Another thing I find useful is a word processor called FocusWriter. It can edit ODT files, but it ignores all the color styling and hides all the Windows controls. The intent is to eliminate writing distractions, but I find it useful to eliminate blue-violet light exposure. I set the display background to black and the text background to amber, and those are the only colors on screen. I'd pay good money for an epaper ereader with an amber backlight. As for tablets, Amazon's Kindle App doesn't give you any nighttime-friendly options; the best is black text on sepia, but it's far too bright. Moon+ Reader is a good alternative for ePub files; Cool Reader is a GPL'd ebook reader that can be configured for comfortable nighttime reading, although it's UI isn't quite as polished as Moon+ Reader.

Comment: Re:Good now you go and take care of her judge! (Score 1) 185

by hey! (#48656623) Attached to: Argentine Court Rules Orangutan Is a "Non-Human Person"

Okay. So now Sandra is entitled to welfare and liable in civil suits as well as criminally responsible.

Neither necessarily follows as a consequence of personhood. Children cannot be held liable in civil suits and in most cases very young ones cannot be held criminally responsible, not because children aren't human, but because they can't reasonably be expected to take a responsible, independent part in human society.

Welfare for animals is not a consequence of animal personhood, but a consequence of humans taking animals from their natural environment. Once you have custody of an animal, by the norms of our society you are responsible for that animal's welfare. When I catch a fish which I don't plan to release, I pith it with a sharpened screwdriver, not because the fish has human rights, but because letting an animal die a slow and painful death when it's easy to kill it quickly and painlessly is needlessly cruel.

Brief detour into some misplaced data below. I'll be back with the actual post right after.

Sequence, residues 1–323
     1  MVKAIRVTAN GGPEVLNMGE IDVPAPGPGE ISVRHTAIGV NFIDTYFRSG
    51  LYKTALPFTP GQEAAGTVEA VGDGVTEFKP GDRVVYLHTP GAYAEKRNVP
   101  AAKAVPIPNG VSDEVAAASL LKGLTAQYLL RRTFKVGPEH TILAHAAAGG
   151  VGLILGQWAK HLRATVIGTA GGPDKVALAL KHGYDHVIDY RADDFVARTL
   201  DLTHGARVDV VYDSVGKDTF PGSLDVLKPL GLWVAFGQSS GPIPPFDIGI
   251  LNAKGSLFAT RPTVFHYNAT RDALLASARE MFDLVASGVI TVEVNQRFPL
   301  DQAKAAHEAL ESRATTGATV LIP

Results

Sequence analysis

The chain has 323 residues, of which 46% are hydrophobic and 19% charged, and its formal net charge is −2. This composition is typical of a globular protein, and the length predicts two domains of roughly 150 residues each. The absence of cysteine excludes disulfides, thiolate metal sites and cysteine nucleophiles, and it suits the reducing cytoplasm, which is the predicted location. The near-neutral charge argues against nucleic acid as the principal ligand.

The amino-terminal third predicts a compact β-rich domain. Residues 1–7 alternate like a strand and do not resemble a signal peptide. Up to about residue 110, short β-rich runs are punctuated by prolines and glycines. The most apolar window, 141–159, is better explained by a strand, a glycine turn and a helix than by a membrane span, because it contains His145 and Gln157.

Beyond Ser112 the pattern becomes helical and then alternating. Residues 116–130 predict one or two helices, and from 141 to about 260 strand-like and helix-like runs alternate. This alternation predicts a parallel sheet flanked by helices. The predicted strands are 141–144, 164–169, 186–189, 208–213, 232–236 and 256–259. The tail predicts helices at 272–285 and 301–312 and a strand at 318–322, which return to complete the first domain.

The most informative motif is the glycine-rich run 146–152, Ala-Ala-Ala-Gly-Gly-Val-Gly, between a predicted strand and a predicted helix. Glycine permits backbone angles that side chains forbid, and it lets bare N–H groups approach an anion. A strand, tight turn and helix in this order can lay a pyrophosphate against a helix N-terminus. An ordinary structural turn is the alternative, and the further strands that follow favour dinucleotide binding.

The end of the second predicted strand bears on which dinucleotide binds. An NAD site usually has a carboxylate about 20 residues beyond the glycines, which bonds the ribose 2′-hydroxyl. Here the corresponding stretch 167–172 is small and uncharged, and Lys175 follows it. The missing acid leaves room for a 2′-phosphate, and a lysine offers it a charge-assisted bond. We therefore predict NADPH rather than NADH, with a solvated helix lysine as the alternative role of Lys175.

I have thought on this often and equality to humanity should be measured in terms of what sets us apart from Sandra. The ability to abstract and to use language is one part of that. The ability to abstract and to use language is one part of that.

Well, what about people with aphasia? Do they lose their human status because they can't use language? Also, when reasoning about the abstraction capabilities of great apes it's important not to reason from assumptions. I've had the good fortune to work with primate field researchers, and there's good reason to believe that chimpanzees (for example) plan ahead; this necessarily involves a concept of "self" and "other", "now" and "in the future", all of which I think can reasonably be called abstractions, in fact I'd say they're the key ones. "Freedom" means nothing to an animal that has no concept of self or future.

Comment: Re:But an unborn baby is not a person. Riiiiiight. (Score 1) 185

by hey! (#48656445) Attached to: Argentine Court Rules Orangutan Is a "Non-Human Person"

It's seems perfectly plausible to me that an adult great ape might be a "person" but a blastula with a couple of dozen cells is not, nor a one ounce fetus at the end of the first trimester. The baby's brain at birth will weigh more than a dozen times that at birth.

Comment: Re:Stone Age diet ? he wants to live all 20 years? (Score 3, Interesting) 439

by hey! (#48656401) Attached to: How Venture Capitalist Peter Thiel Plans To Live 120 Years

The interesting thing is when researchers did plots of estimated ages of paleolithic skeletons, the population showed exponential decay from the age of maturity. For modern populations in advanced societies the # deaths vs. age of death curve is relatively flat until you start getting into the 60s and 70s.

What this tells you is that paleolithic people didn't die from age related causes. They got picked off by accident, mishap, violence or infections that cut down people in their prime, so it made no difference whether you were 16 or 30, your chances for surviving another year were the same.